Checking public radio sports, in the Classical Music League, in the third inning, it's Colorado Springs 2, Fort Collins, Loveland, Windsor, Greeley NOTHING.
It's Only a Game, Right?
If Colorado Public Radio (CPR) were operating under the spirit and intent of the Public Broadcasting Act of 1967, the score would be 2 to 1.
That's because listeners in Colorado Springs have KCME at 88.7-FM, A Voice for the Arts, and Colorado Public Radio (CPR) at 94.7-FM BOTH programming classical music, while people in Larimer and Weld Counties in Colorado have NO CLASSICAL MUSIC OPTION on their radio dials.
The score is 2 to zip, because the public radio system has been GAMED -- beaten up for nearly 30 years. Public Broadcasting's funding arm, The Corporation for Public Broadcasting, was threatened with zeroed-out funding by the Reagan team, and ever since 1981, many in the public radio system have played things way too safe -- with some players playing with a sinister twist (quick, check that ball for foreign substances).
When CPR pulled the plug on Classical KVOD at 90.1-FM recently, and replaced it with KCFR News, CPR lost its connection with Summit County (see previous article), and it ALSO wiped out classical music listenership in Larimer and Weld Counties in Colorado. Now, public radio listeners there are treated to drive time news from KUNC at 91.5-FM AND KCFR at 90.1-FM which is almost identical -- save for local drop-ins from each station -- times at which KUNC has shined in recent months. Since KUNC is more localized than CPR could ever hope to be for this region, the only motivation for CPR to remove classical music and replace it with news is because they know it brings in more money, and it could weaken KUNC's base of support by just offering the same NPR news shows.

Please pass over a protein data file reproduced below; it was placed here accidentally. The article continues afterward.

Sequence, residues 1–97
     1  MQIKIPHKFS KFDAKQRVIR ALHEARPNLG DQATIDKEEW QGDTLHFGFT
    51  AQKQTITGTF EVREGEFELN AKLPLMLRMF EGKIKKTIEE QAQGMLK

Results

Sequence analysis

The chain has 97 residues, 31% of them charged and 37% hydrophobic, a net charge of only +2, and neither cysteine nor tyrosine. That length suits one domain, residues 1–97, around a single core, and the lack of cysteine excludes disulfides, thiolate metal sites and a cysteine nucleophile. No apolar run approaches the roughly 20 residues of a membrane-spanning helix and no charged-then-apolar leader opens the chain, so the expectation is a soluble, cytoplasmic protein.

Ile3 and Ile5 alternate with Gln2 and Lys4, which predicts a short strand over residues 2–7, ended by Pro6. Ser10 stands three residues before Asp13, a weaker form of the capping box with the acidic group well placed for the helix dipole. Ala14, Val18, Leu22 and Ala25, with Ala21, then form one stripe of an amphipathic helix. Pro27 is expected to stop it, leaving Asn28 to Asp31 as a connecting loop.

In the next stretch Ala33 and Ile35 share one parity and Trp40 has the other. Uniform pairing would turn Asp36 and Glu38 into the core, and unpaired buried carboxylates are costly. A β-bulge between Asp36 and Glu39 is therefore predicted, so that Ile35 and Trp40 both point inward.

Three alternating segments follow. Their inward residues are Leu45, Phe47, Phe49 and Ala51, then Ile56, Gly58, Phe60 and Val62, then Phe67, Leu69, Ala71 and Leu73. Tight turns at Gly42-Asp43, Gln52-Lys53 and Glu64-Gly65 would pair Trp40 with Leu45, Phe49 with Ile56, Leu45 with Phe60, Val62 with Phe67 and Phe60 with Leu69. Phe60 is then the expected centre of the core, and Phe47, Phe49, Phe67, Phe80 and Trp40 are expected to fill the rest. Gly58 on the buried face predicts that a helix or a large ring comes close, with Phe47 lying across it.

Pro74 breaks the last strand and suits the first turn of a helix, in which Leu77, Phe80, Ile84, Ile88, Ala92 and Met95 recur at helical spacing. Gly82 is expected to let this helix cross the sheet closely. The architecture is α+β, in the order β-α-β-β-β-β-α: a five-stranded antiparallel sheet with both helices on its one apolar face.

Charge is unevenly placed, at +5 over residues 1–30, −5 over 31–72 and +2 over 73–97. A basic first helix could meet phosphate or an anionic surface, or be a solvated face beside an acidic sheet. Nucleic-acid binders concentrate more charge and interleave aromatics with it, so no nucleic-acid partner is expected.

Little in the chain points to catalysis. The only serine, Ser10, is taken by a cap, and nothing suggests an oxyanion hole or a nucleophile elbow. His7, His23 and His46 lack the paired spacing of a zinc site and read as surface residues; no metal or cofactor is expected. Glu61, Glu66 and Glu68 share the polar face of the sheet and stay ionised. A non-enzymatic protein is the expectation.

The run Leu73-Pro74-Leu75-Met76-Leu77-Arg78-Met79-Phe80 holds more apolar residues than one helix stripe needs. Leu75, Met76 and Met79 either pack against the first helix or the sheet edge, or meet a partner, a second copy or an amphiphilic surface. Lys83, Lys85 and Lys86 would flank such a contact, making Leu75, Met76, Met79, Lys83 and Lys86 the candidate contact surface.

The intent of the Public Broadcasting Act of 1967 is completely ignored in this instance. It was created and funded so that non-commercial radio and TV could take chances; bring new programming and ideas to the airwaves, and serve UNSERVED audiences. Colorado Public Radio's recent removal of KVOD from 90.1-FM takes CPR in the opposite direction from that reason to exist in the first place! All that we may see from this reckless behavior is the support base for CPR growing a bit (at the expense of KUNC) while overall the PUBLIC loses content! Is that what Colorado Public radio means by news initiative?
Meanwhile, back in Summit County, the residents have scored big time with recent actions by the Summit County Translator Board. That's because they recently took the new KCFR-FM signal from 90.1 (previously KVOD) off their system, and replaced it with KCME music. In their own important way, the County -- NOT Colorado Public Radio -- is fulfilling the original intent of the Public Broadcasting Act, by reinstating classical music for its residents. WAY TO GO!
That's it from the public radio ballparks for now. There's still some hope for a rally.